Published on May 3rd, 2011 | by Mustafa Unal0
On Skill and Memory in Videogames
ix months ago I started getting into the shoot’em up genre with the intention of having a better understanding of its core mechanics. It’s not that I didn’t know how to play shmups, but I wanted to understand how to play them well. I registered on a few forums and began asking questions to gain the wisdom of veteran players, but the more I learned, the less it seemed like my cup of tea.
What disheartened me was the heavy focus on memorisation required to survive on higher difficulty levels, particularly on bullet hell shooters. This sub-genre is fairly self explanatory as there tends to be a fuck-ton of enemy bullets to dodge or absorb, and at higher difficulty settings it’s a requirement to learn the safest areas to be in during what sometimes feels like an endless wave of bullets.
I asked these vets if they could suggest some quality shmups which randomly generate enemy attack patterns. I liked the idea of being rewarded primarily for quick thinking instead of depending on how many hours I had put into learning predefined patterns. Some great freeware games were suggested, but someone made a point I hadn’t actually considered; how can you measure skill accurately when the game is randomly generating enemies?
Damn your logic, anonymous guy!
I’m not sure how I didn’t consider this before but it’s a damn good point. Randomly generated attack patterns would mean I could never accurately compare my performance with a fellow player, we simply wouldn’t face the same challenges. It felt as though I had to accept this if I wanted to play shmups at a high level, it would only make sense to play the ones with preset enemy patterns so that each player experiences the same challenge. However, accepting this fact also meant I no longer had the drive to follow through with my goal, the shoot’em up genre doesn’t interest me to a point where I’m willing to dedicate that many hours into learning enemy ship and bullet patterns for each stage, so I cut my losses early by continuing to just play shoot’em ups casually.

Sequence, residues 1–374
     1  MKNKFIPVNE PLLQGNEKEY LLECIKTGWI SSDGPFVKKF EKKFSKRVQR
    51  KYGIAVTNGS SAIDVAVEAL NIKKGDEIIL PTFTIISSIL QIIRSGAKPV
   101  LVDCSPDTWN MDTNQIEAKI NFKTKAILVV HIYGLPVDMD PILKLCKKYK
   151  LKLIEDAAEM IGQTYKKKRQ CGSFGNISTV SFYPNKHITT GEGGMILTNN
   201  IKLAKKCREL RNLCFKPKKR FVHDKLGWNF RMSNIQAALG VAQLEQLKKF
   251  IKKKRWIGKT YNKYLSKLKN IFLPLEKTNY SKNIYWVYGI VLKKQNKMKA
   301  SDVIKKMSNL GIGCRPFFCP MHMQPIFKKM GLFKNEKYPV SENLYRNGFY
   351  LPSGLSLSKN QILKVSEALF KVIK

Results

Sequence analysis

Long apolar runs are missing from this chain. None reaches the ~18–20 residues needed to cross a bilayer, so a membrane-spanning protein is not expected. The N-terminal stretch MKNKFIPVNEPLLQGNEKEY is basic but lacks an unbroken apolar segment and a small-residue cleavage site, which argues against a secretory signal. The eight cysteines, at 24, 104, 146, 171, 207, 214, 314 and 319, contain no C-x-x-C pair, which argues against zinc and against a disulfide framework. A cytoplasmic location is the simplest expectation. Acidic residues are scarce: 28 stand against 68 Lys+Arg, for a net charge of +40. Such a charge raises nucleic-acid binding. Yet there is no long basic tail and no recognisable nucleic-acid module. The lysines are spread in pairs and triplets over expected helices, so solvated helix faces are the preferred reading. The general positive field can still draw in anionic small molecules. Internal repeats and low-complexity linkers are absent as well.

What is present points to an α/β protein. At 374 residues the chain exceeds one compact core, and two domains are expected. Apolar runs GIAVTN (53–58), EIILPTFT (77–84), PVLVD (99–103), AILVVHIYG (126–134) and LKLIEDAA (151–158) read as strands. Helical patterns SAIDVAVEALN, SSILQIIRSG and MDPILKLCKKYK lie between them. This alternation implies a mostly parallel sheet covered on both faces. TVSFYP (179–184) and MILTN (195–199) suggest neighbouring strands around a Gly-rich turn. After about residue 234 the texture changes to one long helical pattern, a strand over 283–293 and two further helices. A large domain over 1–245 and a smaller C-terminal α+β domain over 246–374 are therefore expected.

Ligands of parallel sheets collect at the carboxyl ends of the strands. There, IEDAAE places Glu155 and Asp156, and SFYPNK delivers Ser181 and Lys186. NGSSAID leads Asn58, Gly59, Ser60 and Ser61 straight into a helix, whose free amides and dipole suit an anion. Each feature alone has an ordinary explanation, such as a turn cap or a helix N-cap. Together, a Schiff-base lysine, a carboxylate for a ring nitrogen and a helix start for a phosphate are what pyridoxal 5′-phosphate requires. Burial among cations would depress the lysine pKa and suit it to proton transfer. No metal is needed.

Sometimes I wonder if starting out with competitive first person shooters was unlucky for me. It feels as though I’ve picked up some bad expectations from the genre, and if they don’t feel compatible in other genres I lose the will to keep playing them competitively. It’s not like FPS games don’t require memorisation, but when it comes down to it there are so many moments where you just improvise. I can learn the hotspots, camping spots and rush routes in every map, I can learn the range and accuracy of my weapon to reduce giving my position away without getting the kill, but it’s just a small part of the battle.
When you’re playing Counter-Strike or Call of Duty and you rush from your spawn via the optimum path to reach your destination, throwing grenades as you rush because you’ve nailed the timing so well that you know the enemy will just about start entering that room by the time it detonates, you’ll maybe get one or two kills during this rush or get shot down by an enemy player who was also rushing via an optimum route. If you survive and get a couple of kills for the sake of developing this example, you are now in improvise mode.